HomeCommentaryIf not videoed, ‘destroyed’ contraband can be recycled

If not videoed, ‘destroyed’ contraband can be recycled

Something’s missing in the picture. What happened to the onions?

Customs men always trumpet interdictions of smuggled goods. Press releases quote top officials for the feats.

Example: the seizures of contraband Chinese onion at Port of Cagayan de Oro last July 7, 19, 22 and 29. Twenty-two 40-foot cargo containers, each laden with 28,000 kilos of yellow onion were misdeclared as butter, lumpia patty, and siopao buns. Customs valued each container at PhP3 million, or PhP66 million for all 22.

“Elimination of agricultural smuggling, along with drugs and guns, is my priority,” publicized Customs Chief Yogi Ruiz, a transferee in 2017 from the Philippine Drug Enforcement Agency. “We have a legacy to continue, one started by the previous admin.”

Something’s missing in the picture. What happened to the onions? In previous admins, smuggled sportscars or DVDs were steamrollered. Such contraband can be auctioned, but were instead destroyed because smugglers invariably won them back. How about fresh foods?

Smuggled agricultural produce must be “confiscated and destroyed, or returned to the country of origin, or shipped to a third country.” Department of Agriculture (DA) Order No. 9-2010 mandates: “In no case shall a confiscated consignment be auctioned, redeemed, donated or sold.”

Revisions came in 2016. The Customs Modernization and Tariff Act allowed for donation of smuggled fresh foods “if fit for human consumption.” But DA must first inspect and certify sanitation/phytosanitation.

When the 22 containers were sneaked into CdO, DA was under orders from President/Agriculture Secretary Ferdinand Marcos Jr.: Strictly no issuance of sanitary/phytosanitary inspection certificates for onion and garlic.

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CdO Port Collector Elvira Cruz on Aug. 20 directed confiscation and condemnation. An accredited “condemnator” was picked: Greenleaf 88. The onions were to be crushed and buried within 30 days.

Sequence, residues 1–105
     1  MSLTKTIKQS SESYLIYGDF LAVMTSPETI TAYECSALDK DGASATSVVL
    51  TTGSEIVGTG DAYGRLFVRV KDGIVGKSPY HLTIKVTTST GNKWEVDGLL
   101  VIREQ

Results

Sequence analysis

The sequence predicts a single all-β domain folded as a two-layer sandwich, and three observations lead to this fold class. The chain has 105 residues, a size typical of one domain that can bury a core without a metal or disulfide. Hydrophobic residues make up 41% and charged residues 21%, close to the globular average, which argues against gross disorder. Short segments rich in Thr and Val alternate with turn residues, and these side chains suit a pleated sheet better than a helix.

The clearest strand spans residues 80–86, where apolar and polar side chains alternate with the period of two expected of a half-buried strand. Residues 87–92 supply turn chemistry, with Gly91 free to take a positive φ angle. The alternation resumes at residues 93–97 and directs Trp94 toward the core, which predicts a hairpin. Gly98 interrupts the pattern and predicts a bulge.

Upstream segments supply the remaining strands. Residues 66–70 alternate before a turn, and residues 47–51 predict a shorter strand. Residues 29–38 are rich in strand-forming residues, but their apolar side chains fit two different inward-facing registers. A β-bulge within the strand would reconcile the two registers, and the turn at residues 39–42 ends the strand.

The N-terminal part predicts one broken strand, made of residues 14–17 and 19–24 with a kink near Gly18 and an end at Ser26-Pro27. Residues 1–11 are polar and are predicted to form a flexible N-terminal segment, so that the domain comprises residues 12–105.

Firm procedures govern condemnations. Then-Customs Commissioner Rey Leonardo Guerrero issued in July 2021 Rules and Regulations on Disposition of Forfeited and Abandoned Goods through Condemnation. Manner of destruction, deadlines, venues, witnesses were specified. Section 21, Completion Report, required “all pertinent documents including photographs and video clips relative to the process of disposal, duly certified by head of disposing office.”

A funny thing happened on the way to destruction. On Sept. 18, the contents of six cargo containers were transferred to open wing vans. Value: PhP18 million in onions. Alarmed, Customs sentries photographed the anomaly.

The trucks scooted off to Davao City where the contraband was retailed for PhP600 per kilo. Total take: 6 containers x 28,000 kilos x PhP600 = PhP100.8 million.

Thousands more kilos had earlier been sneaked out of Customs-CdO, transported to Surigao Port, and shipped to Tacloban. Alert Bureau of Plant Industry personnel in Tacloban sent the onions back to Surigao, where the BPI rep. memo-ed the Customs Port Collector about the irregularity.

The stink reached Customs-Manila HQ. Ruiz told Intelligence Group Dir. Jeoffrey Tacio to investigate “District Collector [Cruz] and all personnel that may be involved in the alleged onion smuggling.” Further, “determine within five working days if [their] temporary relief is warranted during investigation. For strict compliance.”

Weeks later, Ruiz told Gotcha, “I have removed Cruz.” But Malacañang insiders shared that Ruiz in truth had actually promoted Cruz to Port Collector of busier Cebu. Cruz had served before as Cebu Port Collector, until transferred to CdO by Ruiz’s predecessor Guererro.

Officials often invoke “presumption of regularity of action.” Ruiz is entitled to such. But he must produce the condemnation report, with geo/date/time-stamped photos and videos of how, when, where, and witnessed by whom.

Same with 100,000 kilos of onions seized at Port of Manila last Nov. 29, which DA spox Rex Estoperez said was partly rotting and contaminated with toxins and E. coli. Same with P20-million Chinese carrots, also spoiled. Where are the reports, photos, and videos?

Without such details contraband onion can be sneaked out and retailed at today’s P740 per kilo. Same way PDEA-South Metro Manila officers recycled confiscated shabu to the streets.

Jarius Bondoc is an award-winning Filipino journalist and author based in Manila. He writes opinion pieces for The Philippine Star and Pilipino Star Ngayon and hosts a radio program on DWIZ 882 every Saturday. Catch Sapol radio show, Saturdays, 8 to 10 a.m., DWIZ (882-AM).

The views expressed in this article are the opinions of the author and do not necessarily reflect the editorial stance of LiCAS.news.

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